What to do with tomato plants in winter: tips on overwintering tomatoes


I studied horticultural sciences at university and in my free time you can find me in my own patch of land, growing anything with roots. I am particularly passionate about self-sufficiency and seasonal food.

Favourite fruit: quince, cornelian cherry and blueberries
Favourite vegetables: peas, tomatoes and garlic

As tomatoes are perennial in their native environment, with a little know-how, they can be overwintered here too. Read below to find out how to keep your tomato plants in winter.

Cherry tomato plant indoors
Overwintering tomatoes is possible – but only if a few essential needs are met [Photo: Sofiia Tiuleneva/ Shutterstock.com]

As soon as temperatures begin to drop, many gardeners ask themselves whether it’s possible to overwinter tomatoes. Here is a guide to how overwintering tomatoes works with tips on how to go about it.

Are tomato plants perennial?

The tomato plant (Solanum lycopersicum) originates from South America, where the wild shrubs are perennial and even relatively cold tolerant. However, it is a slightly different story for our cultivated tomato varieties, which have been bred for yield. These tomatoes are extremely heat-dependent, grow vertically instead of bushy and woody, and are very sensitive to the cold. In short, none of our tomato varieties are hardy in our temperate regions and cold winters. Temperatures below 10°C harm tomato plants, causing leaves to die, and deficiency symptoms such as the purpling of leaves due to a lack of phosphorus.

Perennial tomato plants can however be kept alive, by moving them to a temperature-controlled location that is as bright and warm as possible. However there is another good reason that these sun-loving plants are usually sown every year anew: often by the end of the season in October and November tomato diseases, such as late blight (Phytophthora infestans), ravage the plants. Only completely healthy and well-nourished plants can be successfully overwintered.

On top of that, it is essential to choose the right variety for overwintering tomatoes. Small, determinate tomatoes and wild tomatoes, on the one hand, can be wintered well as a whole plant. When moving them into their winter home, cut about half of the plant back, to adjust it to the lower evaporation and light requirements of the darker, cooler winter season. But don’t worry: plenty of new side shoots will form over winter, which will in turn bear flowers and fruit in the summer.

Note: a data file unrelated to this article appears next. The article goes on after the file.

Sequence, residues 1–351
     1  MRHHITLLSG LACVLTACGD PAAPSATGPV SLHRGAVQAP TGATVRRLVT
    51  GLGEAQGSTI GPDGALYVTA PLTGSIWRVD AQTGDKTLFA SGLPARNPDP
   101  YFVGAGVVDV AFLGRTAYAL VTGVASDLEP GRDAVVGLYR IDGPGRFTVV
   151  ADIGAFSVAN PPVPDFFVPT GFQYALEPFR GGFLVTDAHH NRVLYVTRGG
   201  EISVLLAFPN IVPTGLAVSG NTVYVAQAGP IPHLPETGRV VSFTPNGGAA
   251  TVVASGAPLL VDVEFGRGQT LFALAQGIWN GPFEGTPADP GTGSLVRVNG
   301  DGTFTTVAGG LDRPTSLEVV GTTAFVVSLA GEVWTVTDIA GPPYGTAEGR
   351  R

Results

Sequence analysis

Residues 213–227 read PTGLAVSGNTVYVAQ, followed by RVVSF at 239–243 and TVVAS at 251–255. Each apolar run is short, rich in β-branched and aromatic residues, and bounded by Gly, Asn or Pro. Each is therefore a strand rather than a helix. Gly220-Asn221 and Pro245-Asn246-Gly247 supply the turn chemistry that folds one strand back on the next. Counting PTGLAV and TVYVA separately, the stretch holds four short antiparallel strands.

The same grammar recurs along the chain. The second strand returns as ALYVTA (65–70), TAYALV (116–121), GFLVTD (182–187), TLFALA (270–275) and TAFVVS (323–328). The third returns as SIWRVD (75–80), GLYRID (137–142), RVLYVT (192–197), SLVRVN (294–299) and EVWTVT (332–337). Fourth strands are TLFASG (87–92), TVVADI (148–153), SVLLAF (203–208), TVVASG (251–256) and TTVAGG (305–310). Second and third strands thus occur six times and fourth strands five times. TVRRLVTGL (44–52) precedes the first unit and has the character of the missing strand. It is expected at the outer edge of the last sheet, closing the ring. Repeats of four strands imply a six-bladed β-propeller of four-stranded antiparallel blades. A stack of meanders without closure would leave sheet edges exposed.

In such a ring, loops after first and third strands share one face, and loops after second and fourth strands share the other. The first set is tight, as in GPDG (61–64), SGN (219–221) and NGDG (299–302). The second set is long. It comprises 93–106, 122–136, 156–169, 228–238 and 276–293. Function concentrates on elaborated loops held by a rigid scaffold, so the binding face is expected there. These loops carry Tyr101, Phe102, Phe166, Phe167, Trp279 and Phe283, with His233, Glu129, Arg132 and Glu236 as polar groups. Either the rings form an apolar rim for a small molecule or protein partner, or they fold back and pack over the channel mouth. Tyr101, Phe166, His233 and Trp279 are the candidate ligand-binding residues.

Indeterminate tomatoes, on the other hand, cannot be wintered as a whole plant. For these varieties, take cuttings from the plant’s shoot-tips. Although overwintering tomatoes is more time-consuming than sowing new tomato seeds, with the right light, water supply and temperature, it is just as effective.

Bushy determinate tomato plant
Determinate tomato varieties overwinter better than indeterminate tomatoes [Photo: Levranii/ Shutterstock.com]

Summary: How to overwinter tomatoes

  • Most tomato varieties are perennial and can be overwintered
  • When overwintering, make sure the tomato plant is completely healthy
  • Wintering only works in warm, very bright locations
  • Only determinate varieties can be overwintered as whole plants, whereas indeterminate plants must be overwintered as cuttings
  • When overwintering, tomato plants may flower, but these should be removed because the fruits cost the plant too much energy

Why can you not harvest tomatoes in winter?

For supermarkets, tomatoes are produced year-round in high-tech heated greenhouses with artificial lighting. In fact, tomato plants do not know hibernation; in a suitable space, they will continue to blossom and fruit without rest. This sort of production is only worthwhile in warm countries with mild winters because it takes less extra energy to heat greenhouses there. In colder climates such as ours, good growing conditions for tomatoes in winter are hard to achieve without wasting a huge amount of energy.

How to overwinter tomatoes in containers